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20 June 2016

I suspect I’m a freak, but I feel emotional about the European Union

Ode to joy.

By Jonn Elledge

It’s not often I find myself feeling a deep emotional bond with Jeremy Clarkson, but this referendum has made all sorts of strange bedfellows, I suppose. Over the weekend, the late presenter of the BBC’s Top Gear, since passed on to the other side (Amazon), tweeted out a picture of some Mediterranean paradise or other with the caption, “Next time I come here, it’ll probably be ‘abroad’.”

This comment seemed to trigger a certain amount of cognitive dissonance among Clarkson’s usual fanbase. “Shame on you supporting the Remain camp,” began one roller-coaster of a response, before pivoting to: “I know deep down you want #Brexit”. (He doesn’t.)

I, however, found myself nodding. At the moment, however strange or irrational this opinion may sound to those who don’t share it, I don’t quite consider the continent to be foreign. I feel like European history is my history; that what happens in France, or Germany, or Poland, is connected to me in a way that happens in, say, Argentina isn’t. I consider myself European. 

And I feel horribly like that part of my identity might shortly get ripped away from me because it’s not shared by my countrymen.

That I feel like this is not a sign of any discomfort around my English- or British-ness. I’m a sarcastic, emotionally-repressed drunk who’s obsessed with royal history and house prices: you don’t get more English than that.

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It’s not that I wanted to be European instead of English; it’s simply that I’ve never felt the two were incompatible. In all this, polling suggests, I am unusual.

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Why I should feel this way is an interesting question, at least if you’re me, and self-obsessed, both of which I am. It’s certainly not because I’m particularly well-travelled: I’ve never lived outside the south of England, and when I went inter-railing as a teenager, I lasted a week, thanks to a combination of heat exhaustion and diarrhoea that made it a serious candidate for the worst week of my life. Nor do I speak any language but English: these days I could pootle quite happily around Europe on trains almost indefinitely, but I can’t actually talk to anyone.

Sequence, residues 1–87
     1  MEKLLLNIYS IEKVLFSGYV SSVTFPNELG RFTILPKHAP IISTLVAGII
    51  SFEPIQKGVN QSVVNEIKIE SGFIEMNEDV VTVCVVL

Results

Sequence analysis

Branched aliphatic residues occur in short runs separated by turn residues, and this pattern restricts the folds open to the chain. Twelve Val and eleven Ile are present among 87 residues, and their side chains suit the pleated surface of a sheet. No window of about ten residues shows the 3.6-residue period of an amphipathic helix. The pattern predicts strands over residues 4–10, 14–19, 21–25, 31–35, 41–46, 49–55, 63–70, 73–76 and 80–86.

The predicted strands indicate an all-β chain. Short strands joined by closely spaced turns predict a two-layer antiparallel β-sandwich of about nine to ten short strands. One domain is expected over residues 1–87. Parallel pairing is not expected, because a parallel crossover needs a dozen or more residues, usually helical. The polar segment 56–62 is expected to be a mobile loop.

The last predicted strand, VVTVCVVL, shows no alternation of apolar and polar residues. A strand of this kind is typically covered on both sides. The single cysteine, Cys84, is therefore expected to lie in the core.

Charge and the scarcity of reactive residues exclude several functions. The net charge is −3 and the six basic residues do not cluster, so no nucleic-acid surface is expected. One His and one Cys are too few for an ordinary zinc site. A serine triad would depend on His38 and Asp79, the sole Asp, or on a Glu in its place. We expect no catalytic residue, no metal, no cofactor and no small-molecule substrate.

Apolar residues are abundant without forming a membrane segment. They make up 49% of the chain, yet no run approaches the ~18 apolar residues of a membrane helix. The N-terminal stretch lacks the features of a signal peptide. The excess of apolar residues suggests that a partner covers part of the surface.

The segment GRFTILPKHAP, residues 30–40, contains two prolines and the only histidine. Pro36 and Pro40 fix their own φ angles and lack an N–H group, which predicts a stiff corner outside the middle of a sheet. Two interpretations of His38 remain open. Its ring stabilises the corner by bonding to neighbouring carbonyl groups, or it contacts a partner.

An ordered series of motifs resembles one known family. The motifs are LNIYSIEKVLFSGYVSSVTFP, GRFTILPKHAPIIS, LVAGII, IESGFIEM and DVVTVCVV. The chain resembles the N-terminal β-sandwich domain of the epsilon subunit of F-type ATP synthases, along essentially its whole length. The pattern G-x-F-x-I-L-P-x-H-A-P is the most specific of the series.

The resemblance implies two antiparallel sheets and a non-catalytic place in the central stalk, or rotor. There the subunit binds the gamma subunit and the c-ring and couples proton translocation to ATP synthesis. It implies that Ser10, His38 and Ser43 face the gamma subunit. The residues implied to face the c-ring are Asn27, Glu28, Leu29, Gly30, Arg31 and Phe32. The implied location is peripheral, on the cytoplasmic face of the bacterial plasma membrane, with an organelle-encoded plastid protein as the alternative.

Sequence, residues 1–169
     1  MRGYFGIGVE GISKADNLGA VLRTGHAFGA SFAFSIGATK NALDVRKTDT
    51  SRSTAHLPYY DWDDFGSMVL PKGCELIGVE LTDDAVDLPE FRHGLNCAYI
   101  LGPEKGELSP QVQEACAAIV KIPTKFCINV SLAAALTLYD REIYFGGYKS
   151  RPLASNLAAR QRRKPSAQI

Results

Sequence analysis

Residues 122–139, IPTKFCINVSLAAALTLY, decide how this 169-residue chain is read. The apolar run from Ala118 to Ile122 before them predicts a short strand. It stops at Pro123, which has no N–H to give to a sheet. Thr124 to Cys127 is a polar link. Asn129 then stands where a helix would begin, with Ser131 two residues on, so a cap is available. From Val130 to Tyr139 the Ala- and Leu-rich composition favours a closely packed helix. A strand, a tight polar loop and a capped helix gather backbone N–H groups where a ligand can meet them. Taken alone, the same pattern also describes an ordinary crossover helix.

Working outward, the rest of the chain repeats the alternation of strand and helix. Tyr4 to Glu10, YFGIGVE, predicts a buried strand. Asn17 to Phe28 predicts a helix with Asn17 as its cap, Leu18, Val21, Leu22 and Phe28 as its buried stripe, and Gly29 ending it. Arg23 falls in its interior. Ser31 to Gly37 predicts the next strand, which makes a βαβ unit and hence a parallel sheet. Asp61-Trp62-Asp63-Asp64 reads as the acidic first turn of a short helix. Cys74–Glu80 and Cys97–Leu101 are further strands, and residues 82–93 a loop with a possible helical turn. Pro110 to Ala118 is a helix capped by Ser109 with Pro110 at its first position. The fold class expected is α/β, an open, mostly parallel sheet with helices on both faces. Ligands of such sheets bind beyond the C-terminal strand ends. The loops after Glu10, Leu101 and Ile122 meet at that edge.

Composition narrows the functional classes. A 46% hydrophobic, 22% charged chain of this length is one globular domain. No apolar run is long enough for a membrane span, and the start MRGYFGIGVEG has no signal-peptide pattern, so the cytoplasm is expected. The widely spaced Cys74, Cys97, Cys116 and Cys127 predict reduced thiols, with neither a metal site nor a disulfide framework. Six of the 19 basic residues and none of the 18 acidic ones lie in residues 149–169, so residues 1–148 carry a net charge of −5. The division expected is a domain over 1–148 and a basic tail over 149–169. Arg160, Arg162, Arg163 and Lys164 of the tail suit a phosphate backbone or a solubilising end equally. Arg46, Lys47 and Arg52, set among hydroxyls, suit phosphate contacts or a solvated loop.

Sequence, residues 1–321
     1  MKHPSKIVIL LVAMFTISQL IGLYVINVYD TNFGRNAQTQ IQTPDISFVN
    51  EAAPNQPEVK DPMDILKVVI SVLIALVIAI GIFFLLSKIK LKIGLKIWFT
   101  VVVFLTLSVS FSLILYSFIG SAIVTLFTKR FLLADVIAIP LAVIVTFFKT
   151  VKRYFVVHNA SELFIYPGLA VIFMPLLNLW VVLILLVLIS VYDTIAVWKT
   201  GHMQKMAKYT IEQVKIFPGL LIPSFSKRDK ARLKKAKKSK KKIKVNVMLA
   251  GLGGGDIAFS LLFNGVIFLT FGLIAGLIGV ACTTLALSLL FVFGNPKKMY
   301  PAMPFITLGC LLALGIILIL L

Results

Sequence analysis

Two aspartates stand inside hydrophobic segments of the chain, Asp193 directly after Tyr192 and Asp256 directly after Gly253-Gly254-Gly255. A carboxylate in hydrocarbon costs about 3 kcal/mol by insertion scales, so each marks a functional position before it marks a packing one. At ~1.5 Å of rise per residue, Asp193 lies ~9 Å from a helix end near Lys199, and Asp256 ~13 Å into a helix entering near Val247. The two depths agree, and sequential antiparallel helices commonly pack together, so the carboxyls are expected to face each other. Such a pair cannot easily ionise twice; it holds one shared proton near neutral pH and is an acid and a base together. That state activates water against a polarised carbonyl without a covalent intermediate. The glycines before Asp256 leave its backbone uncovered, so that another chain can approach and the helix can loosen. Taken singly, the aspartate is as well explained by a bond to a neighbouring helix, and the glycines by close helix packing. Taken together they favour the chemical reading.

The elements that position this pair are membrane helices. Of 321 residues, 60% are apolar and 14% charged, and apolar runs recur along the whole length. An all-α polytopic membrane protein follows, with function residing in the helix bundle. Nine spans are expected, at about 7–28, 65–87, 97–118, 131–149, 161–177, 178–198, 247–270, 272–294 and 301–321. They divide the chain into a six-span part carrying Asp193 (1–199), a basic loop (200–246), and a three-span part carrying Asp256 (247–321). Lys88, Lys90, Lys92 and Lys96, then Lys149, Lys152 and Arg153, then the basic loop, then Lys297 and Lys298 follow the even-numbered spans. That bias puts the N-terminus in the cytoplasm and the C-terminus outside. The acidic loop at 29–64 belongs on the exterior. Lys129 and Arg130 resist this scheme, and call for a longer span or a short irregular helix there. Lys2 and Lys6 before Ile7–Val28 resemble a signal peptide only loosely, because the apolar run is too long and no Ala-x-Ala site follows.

If I’m brutally honest with myself, perhaps it just reflects a certain idea I have of myself and the world around me. I’m the sort of smug North London wanker who thinks “metropolitan elitist” is a compliment. (I almost wrote “I’m not proud of this”, but the truth is I am proud of this, and that’s half the problem.) European unity just fits in with the cosmopolitan person I tell myself I am.

More than that, as a nerdy kid I was raised on a diet of science fiction with world governments: maybe on some level I see the EU as a helpful step on the road to the United Federation of Planets. For whatever reason, though, I don’t just want us to stay in the EU because of some cost-benefit analysis. I find the whole thing emotional, too.

This isn’t how anyone is supposed to feel about this referendum, I know. I’m meant to be worrying about the economy, or sterling, or Britain’s global influence, or David Cameron’s career. We’re meant to want to stay in because, while the EU is a bit rubbish, we think it’s a damn sight better than the alternative package of recession, trade barriers, political impotence and Boris. 

The Remain side seems petrified of saying that Britain is European, and should behave as such, presumably on the grounds that saying any such thing might turn off swing voters. That assumption may very well be correct.

Some Leave campaigners accept that there is such a thing as European identity, but argue it shouldn’t be bound up with institutional architecture. Of course what happens in France would matter more to me than what happens in Mongolia, because Calais is closer to my house than Birmingham is. Geography and history mean we are European, regardless of whether we’re represented in the European parliament.

I disagree. During the Scottish referendum, some unionists argued that Britain was a matter of more than geography – that political links mattered too. I feel the same about Europe. If we leave the EU, I will feel like I am losing something.

There is a tendency in British politics to talk of Brussels as if it’s other people, wicked foreigners, trying to impose their views on us. But if that’s true of Britain, it’s true of the other 27 countries too, most of which are far smaller and less powerful than we are.

The European Union is often messy, and almost always unlovable. But I can’t help but think that, if we could see Brussels as an extension of us, rather than an outpost of ‘them’, we’d be having a less depressing debate right now.